After so many years have passed, the most pressing concerns, as with any sequels, are can the film reproduce the magic of the originals, and even more so, will the characters still work in today’s world? Much to my relief, this outing not only captures the spirit of the first two entries it actually expands on it, delivering a more mature and heartfelt entry that retains the general optimism of the series. Much credit goes to Ed Solomon & Chris Matheson, the returning writers of the first two films, whose script shows reverence to the original characters while not being afraid to have them grow to some degree. These guys obviously know and love these characters and it shows. Director, Dean Parisot (Galaxy Quest) finds the perfect balance between the familiar and the fresh, avoiding the trap of getting too lost in the nostalgia that can strip sequels of their own identity. Plenty of callbacks are scattered throughout, but it never feels like a playback of the characters’ greatest hits.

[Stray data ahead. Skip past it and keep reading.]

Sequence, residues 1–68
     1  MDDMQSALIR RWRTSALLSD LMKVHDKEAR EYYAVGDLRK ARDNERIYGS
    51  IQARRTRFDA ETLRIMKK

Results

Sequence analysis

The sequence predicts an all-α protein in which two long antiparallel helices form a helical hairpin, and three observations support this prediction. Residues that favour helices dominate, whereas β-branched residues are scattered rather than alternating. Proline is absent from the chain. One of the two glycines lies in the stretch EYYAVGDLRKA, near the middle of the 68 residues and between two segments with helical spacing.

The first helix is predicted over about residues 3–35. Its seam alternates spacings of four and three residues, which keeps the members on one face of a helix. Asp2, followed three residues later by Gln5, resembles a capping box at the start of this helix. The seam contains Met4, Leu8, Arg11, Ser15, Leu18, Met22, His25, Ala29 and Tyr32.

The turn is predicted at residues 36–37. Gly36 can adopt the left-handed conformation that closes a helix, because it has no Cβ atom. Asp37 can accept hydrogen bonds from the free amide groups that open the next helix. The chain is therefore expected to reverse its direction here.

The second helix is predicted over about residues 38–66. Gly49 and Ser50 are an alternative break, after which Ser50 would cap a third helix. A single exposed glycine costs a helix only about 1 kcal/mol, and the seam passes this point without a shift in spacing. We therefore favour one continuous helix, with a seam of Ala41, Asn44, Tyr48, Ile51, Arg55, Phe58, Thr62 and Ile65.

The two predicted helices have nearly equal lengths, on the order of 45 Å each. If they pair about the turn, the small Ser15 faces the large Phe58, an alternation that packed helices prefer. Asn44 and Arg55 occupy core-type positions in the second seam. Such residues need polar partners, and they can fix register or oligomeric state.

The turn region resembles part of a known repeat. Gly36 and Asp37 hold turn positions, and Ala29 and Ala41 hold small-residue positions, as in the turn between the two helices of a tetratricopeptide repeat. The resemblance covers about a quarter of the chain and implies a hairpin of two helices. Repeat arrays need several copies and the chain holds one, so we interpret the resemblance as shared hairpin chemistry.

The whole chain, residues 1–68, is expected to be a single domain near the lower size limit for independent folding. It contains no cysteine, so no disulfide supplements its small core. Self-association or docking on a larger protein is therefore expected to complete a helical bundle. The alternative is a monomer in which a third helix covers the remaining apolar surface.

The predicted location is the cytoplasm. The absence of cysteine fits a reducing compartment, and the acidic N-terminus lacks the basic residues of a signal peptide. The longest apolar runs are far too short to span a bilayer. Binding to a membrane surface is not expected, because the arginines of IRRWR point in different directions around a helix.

The version of Bill and Ted we find in Music are more than just older clones of the duo from the previous films. Sure they retain much of their goofball vibe with plenty of air guitar, high fives, and slight infantile cluelessness, but the film allows them to age, acquiring a new kindness and maturity. It all feels much more natural than expected. Instead of caricatures, B&T are characters who have evolved even if they still use a lot of the same gnarly 80s SoCal lingo.
In his return to the role of Bill, Winter does not miss a beat, fitting into his role with ease. Reeves on the other hand feels a bit more jaded, rarely flashing his Ted’s trademark clueless smile accompanied by a tilted head hair flop. His seriousness floats somewhere between Ted and John Wick here, without all the excessive gunplay, of course. Ted now carries the weight of his new situation. Luckily, overall he delivers enough of his old charm to not damper the film ethos. Even if he is older and somewhat wiser, I still would have preferred about 15% more classic Ted added to his performance.
In truth, Reeves is out Ted-ed by his daughter Billie, Brigette Lundy-Paine, who embodies the Logan spirit, delivering her lines with much of the same floppy head enthusiasm her dad had in the past. She is a joy to watch here. Samara Weaving (of 2019’s Ready or Not) as Bill’s daughter, Thea, carries less of her father’s mannerismsbut together they deliver enough classic affable B&T vibes to give me hope for a follow-up film starring the daughters on their own outlandish adventure. Let’s make it happen Hollywood.